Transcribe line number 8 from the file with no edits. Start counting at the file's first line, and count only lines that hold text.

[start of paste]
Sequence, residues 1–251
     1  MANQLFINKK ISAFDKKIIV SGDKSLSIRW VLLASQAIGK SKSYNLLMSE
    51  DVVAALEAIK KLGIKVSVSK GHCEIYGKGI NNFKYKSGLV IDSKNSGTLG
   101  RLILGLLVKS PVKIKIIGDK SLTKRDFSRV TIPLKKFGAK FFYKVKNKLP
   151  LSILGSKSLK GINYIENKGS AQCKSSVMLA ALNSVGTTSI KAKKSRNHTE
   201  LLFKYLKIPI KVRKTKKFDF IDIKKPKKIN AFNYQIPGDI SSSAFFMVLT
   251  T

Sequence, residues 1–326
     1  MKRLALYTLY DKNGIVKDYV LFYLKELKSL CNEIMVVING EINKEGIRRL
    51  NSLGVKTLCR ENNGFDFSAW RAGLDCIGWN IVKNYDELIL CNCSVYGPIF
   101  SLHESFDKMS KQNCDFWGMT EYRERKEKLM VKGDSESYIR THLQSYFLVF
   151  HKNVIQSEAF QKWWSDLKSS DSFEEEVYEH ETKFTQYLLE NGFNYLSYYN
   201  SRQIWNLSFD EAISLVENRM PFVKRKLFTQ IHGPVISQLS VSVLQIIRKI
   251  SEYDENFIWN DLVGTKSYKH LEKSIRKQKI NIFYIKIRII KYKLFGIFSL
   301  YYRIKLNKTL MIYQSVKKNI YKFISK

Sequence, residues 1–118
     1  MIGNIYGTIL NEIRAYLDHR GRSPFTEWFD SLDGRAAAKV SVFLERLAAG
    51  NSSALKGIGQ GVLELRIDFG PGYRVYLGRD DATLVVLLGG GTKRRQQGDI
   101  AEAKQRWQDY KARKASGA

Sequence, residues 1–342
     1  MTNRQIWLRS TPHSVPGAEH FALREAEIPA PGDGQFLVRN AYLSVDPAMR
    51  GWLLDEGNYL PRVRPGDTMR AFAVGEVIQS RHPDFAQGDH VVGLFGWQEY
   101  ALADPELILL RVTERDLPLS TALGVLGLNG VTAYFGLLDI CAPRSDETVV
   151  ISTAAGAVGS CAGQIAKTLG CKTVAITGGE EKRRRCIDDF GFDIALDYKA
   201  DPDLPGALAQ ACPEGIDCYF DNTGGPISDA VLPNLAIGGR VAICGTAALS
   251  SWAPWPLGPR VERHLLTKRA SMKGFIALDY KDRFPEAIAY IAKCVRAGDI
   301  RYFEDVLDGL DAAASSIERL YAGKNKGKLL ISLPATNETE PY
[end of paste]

Sequence, residues 1–326